Virginia was feeling a bit down.
She was hoping to land an internship during the summer break.
Prospects were bleak. Virginia’s attitude even more so.
Ever since she was eight years old, Ed could see it in her eyes. His little girl was destined to become a biologist. Each summer they spent time at the family’s cabin above Carmel Valley. Ed saw the joy those days in the great outdoors brought his daughter. But a decade later, at a pivotal moment in Virginia’s life, Ed watched as the glow faded from his daughter’s eyes.
Back home in Pacific Grove for the summer, Ed could not stomach the sight of his youngest daughter moping around any longer. He packed up the car and the pair hit Highway 101 back to the University of California, Davis.
Virginia wasn’t sure how much good the trip would do. Many of her classmates were already eyeing different careers. This was at a time when there were fewer nonprofit organizations and public agencies wanted people with significant wildlife management. Jobs for Virginia were difficult to come by.
Professor Dennis Raveling could see Virginia’s passion too. He was not about to let her fall off track. The respected waterfowl advocate and scientist pushed Virginia to follow her dream.
“Dr. Raveling told me it would not be an easy path but that if that was what I really wanted to do, then I should stick with it,” said Virginia Getz. “He said as long as I work hard and do my best with every opportunity I’m given, that I’d find my opportunity.”
The chat gave her the confidence she needed. And Ed would once again see the glow was back.
The shine would become nearly blinding as Virginia landed her first job. Hired as a U.S. Forest Service deer monitor, she was out in different parts of the Sierra Nevada nearly every week. Life was grand.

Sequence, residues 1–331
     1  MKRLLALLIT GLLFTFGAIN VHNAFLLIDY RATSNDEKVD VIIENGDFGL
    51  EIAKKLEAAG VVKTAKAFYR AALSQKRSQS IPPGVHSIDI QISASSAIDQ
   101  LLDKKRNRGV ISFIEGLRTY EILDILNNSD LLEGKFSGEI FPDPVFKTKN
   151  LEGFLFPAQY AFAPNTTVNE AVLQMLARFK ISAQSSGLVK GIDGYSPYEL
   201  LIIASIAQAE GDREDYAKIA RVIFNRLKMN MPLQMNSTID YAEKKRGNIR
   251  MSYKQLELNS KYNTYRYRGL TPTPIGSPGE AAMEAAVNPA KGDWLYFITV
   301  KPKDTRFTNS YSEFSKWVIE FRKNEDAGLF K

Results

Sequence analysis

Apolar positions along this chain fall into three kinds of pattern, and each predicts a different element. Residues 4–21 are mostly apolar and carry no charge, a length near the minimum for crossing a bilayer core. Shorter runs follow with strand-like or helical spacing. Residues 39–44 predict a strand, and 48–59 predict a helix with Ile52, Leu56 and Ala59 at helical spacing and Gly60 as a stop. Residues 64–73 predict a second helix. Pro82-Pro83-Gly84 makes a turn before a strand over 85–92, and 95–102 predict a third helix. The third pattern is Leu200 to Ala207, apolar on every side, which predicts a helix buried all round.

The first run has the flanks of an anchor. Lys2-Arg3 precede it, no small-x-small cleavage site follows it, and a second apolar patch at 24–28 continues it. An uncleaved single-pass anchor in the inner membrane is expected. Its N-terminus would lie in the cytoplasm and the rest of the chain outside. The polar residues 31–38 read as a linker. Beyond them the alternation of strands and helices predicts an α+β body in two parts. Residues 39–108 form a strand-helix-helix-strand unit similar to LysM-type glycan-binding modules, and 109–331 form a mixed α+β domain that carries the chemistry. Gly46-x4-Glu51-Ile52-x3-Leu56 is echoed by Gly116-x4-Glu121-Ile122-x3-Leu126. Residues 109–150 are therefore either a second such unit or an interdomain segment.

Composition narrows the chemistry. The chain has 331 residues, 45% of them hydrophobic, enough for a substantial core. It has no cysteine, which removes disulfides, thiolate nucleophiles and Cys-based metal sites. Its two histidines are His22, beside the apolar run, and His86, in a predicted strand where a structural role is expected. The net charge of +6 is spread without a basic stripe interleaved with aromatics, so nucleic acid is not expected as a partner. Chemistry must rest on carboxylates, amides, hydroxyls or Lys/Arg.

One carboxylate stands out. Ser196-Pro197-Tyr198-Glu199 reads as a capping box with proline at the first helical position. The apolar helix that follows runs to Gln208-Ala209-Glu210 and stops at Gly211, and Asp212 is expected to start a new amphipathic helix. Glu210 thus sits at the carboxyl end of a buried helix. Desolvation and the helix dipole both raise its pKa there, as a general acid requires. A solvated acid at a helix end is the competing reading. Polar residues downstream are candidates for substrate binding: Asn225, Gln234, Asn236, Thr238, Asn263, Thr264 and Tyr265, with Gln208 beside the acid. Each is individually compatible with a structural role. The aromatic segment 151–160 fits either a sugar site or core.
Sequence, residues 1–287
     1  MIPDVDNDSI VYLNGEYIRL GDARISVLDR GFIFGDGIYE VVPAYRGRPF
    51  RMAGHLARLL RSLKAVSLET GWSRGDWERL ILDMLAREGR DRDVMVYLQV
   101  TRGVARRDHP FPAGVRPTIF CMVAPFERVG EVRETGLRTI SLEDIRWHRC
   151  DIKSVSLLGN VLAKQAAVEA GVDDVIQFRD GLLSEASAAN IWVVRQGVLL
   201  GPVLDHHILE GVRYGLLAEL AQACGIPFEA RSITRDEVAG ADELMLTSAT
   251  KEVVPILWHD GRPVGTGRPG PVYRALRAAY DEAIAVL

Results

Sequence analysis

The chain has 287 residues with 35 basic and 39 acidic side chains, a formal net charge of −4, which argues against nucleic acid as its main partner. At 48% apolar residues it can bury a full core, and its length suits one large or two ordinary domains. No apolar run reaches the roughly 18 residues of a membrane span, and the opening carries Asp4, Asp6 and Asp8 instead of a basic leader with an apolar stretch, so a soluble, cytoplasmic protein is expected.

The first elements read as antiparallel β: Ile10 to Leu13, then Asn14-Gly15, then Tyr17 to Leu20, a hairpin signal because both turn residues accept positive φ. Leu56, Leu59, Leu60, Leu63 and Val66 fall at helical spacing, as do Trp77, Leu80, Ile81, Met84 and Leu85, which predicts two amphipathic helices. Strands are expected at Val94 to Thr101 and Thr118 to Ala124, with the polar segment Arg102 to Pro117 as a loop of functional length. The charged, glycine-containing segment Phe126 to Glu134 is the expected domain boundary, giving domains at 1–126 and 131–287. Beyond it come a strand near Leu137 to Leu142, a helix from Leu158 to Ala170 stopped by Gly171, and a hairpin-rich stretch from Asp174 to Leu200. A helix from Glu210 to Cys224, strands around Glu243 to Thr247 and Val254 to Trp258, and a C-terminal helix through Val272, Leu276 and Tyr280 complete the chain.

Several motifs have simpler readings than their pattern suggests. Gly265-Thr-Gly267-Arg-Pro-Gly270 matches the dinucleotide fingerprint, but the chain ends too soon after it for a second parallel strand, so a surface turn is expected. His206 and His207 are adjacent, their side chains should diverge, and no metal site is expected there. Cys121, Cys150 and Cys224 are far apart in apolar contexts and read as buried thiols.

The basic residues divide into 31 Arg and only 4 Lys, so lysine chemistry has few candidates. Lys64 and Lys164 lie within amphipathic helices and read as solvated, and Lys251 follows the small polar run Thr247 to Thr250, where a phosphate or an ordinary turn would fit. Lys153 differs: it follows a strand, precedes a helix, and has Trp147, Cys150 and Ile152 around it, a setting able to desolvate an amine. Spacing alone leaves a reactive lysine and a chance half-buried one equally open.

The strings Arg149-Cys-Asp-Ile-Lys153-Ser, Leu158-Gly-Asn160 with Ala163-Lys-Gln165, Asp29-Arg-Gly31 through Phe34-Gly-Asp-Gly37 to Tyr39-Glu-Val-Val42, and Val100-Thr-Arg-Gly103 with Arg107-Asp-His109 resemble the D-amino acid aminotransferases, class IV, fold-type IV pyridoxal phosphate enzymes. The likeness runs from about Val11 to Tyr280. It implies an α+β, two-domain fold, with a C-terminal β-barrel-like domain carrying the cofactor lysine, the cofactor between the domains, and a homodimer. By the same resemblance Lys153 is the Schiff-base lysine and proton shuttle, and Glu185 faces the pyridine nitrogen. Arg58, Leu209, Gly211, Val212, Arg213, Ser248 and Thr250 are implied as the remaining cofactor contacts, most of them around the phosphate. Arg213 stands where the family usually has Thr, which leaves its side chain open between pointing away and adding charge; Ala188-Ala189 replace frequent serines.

But little did she know that a duck hunting trip would take her to new heights. She didn’t get any ducks that day but being out in the field with the waterfowl spoke to her in a way that no other species had before. The sheer beauty and power of their wildness left her awestruck.
Once she learned what the birds endure during their migration, she was left with a desire to do more.
“The first time I heard the noise of a big flock of snow geese it made my heart race.”
Virginia would get to follow the flight path of these birds to her next adventure. By the early 2000s, the waterfowl conservation organization Ducks Unlimited came calling. And today, Getz is the conservation programs manager, which means she oversees habitat conservation in California, Nevada, Hawaii, and Arizona.
Her challenge is no longer finding work but finding ways to make the program she oversees work as efficiently as possible.
“Good science isn’t enough; demand and costs of water may be putting birds at risk,” said Getz. “We have to find ways to ensure habitat and population gains we’ve made since the 1980s don’t slip in the coming years.”
Bird populations and duck habitats rely on water spread out on wetlands and ricelands throughout the Sacramento Valley during the winter months.
“We are heavily reliant on agricultural lands for waterfowl habitat, which means it is more critical than ever that we work in partnership with farmers to ensure a balance for crops and wildlife,” said Getz.
Ducks Unlimited works with landowners, farmers, water districts and state and federal agencies to create habitat for ducks and other migrating birds. To date, the organization has worked on 1,300 conservation projects spanning 719,000 acres of habitat in California alone. Getz is at the center of many of them. And it all goes back to a father who believed in his daughter and a professor who provided a bit of optimism to an aspiring biologist.
And the glow, it is still there after all these years.
“Each time I’m out in the marsh it reminds me of the first time all over again. That same excitement and awe come back every single time.”
Listen to “The Radiant Biologist” here.
Virginia Getz will be one of the speakers next Wednesday, November 20th at the Kickoff Celebration for the Gray Lodge Wildlife Area Water Supply Project. This multi-benefit system improvement project will increase the conveyance capacity and improve water supply reliability for the Wildlife Area that provides habitat for more than 300 species, including resident and migrant birds. See the flyer below for more information.